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How Russia Ukraine war is going to change sound of guitar music forever?

How Russia Ukraine war is going to change sound of guitar music forever

Ground Report | New Delhi: Ukraine guitar music; On February 24, 2022, Russian President Vladimir Putin launched a full-scale invasion of Ukraine. Attacks have taken place across the country, including in the capital, Kyiv.

The Russian invasion of Ukraine has upended every aspect of life in that country, including its thriving music community. Although most of its artists are not well known outside of Ukraine, the country, especially since the 2014 revolution that made it a democracy, has fostered a growing and diverse pop scene that has brought a local flavor to hip-hop, dance -pop, techno, punk and hard.

Ukraine is also home to a world of independent labels and a thriving live music scene in kyiv and other parts of the country. “After 2014, I felt that my country had never had such a good time because everything was really blossoming in some way,” says singer, songwriter and guitarist Kostiantyn Pochtar, the artist behind Postman. “It all started back then, after the revolution.”

The night before the invasion, Ukrainian citizens gathered in the city square of Kramatorsk, in eastern Ukraine, and sang the national anthem. Video footage has also appeared on Twitter of citizens of Poland and Russia singing to show solidarity through music.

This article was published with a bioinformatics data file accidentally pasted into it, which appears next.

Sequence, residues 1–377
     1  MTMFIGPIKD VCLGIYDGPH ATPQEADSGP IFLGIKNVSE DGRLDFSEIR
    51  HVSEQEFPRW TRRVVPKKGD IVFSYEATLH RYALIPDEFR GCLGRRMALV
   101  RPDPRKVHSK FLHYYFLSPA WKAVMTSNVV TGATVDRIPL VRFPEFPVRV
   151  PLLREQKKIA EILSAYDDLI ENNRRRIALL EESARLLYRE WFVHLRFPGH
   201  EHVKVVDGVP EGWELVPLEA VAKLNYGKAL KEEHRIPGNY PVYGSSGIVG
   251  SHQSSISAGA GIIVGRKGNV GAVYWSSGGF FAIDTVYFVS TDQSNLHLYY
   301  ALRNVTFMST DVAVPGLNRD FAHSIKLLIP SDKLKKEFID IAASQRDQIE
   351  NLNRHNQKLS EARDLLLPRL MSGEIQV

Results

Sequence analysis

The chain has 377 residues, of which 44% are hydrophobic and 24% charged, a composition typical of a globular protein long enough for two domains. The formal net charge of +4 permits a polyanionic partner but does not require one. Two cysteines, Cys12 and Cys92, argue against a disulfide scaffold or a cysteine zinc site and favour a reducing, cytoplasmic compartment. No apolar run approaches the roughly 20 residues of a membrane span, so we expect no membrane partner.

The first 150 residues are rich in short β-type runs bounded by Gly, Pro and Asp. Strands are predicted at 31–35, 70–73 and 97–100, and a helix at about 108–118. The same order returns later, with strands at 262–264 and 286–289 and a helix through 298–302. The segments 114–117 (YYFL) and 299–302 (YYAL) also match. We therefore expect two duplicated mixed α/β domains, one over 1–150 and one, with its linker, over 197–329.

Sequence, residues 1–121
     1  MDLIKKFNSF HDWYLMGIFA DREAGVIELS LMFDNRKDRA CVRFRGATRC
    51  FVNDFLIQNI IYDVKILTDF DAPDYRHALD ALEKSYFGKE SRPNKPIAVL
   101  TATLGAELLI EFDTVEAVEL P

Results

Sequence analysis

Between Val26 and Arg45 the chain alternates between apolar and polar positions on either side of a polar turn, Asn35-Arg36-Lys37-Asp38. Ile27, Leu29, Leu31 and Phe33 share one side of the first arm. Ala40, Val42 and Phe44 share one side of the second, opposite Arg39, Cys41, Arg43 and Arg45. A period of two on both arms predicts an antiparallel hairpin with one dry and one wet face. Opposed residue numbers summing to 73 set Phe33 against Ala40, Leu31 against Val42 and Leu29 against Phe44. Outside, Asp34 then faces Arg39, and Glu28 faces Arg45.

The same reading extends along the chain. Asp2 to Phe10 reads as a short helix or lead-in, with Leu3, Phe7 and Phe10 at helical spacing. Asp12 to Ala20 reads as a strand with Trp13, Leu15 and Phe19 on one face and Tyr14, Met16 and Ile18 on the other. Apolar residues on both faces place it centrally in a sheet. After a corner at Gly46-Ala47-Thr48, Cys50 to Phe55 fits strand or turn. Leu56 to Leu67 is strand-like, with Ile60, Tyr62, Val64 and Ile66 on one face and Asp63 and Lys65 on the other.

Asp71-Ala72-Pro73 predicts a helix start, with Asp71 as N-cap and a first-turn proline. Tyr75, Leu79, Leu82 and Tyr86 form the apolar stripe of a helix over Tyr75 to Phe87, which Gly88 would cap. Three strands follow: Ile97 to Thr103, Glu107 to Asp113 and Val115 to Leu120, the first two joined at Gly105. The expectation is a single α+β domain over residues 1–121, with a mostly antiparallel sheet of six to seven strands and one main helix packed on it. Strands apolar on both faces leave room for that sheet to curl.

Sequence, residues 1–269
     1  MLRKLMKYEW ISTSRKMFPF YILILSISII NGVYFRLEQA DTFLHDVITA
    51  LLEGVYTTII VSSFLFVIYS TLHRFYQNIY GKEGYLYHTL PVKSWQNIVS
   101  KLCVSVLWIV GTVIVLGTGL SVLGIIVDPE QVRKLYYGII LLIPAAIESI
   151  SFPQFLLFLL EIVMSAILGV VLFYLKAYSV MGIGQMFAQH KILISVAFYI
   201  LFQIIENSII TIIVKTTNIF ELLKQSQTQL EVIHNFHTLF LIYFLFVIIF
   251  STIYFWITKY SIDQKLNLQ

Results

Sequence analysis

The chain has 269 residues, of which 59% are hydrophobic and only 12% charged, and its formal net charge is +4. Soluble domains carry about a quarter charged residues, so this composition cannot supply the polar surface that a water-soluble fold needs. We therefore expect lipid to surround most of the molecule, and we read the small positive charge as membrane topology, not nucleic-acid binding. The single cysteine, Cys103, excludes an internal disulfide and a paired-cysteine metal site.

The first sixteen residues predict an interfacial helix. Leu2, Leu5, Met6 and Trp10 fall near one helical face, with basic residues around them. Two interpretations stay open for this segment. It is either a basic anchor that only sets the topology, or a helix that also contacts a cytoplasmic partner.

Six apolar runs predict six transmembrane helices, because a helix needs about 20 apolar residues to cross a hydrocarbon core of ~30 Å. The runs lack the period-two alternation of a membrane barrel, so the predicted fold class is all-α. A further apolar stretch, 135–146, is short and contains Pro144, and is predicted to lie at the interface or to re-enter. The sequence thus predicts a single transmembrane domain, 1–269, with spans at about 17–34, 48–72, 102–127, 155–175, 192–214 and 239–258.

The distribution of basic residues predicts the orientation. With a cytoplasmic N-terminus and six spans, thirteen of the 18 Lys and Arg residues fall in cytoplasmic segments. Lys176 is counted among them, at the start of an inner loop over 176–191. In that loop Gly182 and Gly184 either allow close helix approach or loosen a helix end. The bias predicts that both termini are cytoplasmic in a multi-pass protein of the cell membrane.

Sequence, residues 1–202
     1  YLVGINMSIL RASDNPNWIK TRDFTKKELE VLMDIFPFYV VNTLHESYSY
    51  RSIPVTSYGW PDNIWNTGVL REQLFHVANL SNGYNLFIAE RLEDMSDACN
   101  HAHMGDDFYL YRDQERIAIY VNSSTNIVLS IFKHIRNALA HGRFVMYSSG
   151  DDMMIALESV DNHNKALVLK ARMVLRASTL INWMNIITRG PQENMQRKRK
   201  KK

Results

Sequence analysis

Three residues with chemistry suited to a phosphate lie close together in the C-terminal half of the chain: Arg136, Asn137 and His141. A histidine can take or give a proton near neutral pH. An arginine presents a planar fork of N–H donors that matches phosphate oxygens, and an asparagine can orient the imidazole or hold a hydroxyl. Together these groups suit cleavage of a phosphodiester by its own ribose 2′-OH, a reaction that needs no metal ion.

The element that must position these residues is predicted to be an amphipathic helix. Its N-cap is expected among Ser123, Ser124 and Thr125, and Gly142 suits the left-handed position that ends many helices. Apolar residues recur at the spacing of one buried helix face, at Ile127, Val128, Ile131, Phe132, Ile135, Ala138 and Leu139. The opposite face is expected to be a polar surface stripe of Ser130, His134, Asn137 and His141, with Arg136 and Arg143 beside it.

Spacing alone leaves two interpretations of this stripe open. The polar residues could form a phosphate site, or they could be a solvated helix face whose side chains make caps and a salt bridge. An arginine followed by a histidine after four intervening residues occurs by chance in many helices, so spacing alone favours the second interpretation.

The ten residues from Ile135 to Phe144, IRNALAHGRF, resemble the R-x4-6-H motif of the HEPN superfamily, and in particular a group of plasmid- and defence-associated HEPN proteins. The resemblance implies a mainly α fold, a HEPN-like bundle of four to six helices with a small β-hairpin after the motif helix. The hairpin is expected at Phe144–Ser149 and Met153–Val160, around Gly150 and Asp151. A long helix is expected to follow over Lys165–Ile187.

Traditional guitar amps (and some distortion pedals) use vacuum tubes to increase the power of the signal passing through and to make the tone warm and crunchy. Until a few years ago, there were only three factories in the world that made tubes/valves – after all, they’re only really useful for audio applications these days. There was the Shuguang plant in China, New Sensor in Russia, and JJ in Slovakia.

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Shuguang closed down several years ago – apparently, it was supposed to relocate but still isn’t up and running again. That already caused fears of severe supply constraints in the tube market.

Russia stuck with vacuum tubes for a relatively long time – they were even in its MiG fighters. As the Soviet Union fell over, a legendary American pedal company called Electro-Harmonix (EHX) moved in, partly because of union troubles back home.

You may know EHX as the company that gave guitarists like David Gilmour (user of the Big Muff fuzz pedals) and The Edge (Memory Man delay pedal) their core sounds. The Russian versions of the Big Muff defined much of the 1990s rock sound.

Anyway, in 1998 EHX founder Mike Matthews bought the New Sensor tube factory in Saratov. It put out EHX-branded tubes, as well as names like Mullard, Sovtek and Tung-Sol that will make some gear nerds salivate. A super big deal in the guitar equipment world.

Fast-forward to the end of last week when, in retaliation for Western sanctions, the Kremlin published a list of around 200 items that cannot be exported from Russia. Vacuum tubes are on the list. (Ukraine guitar music)

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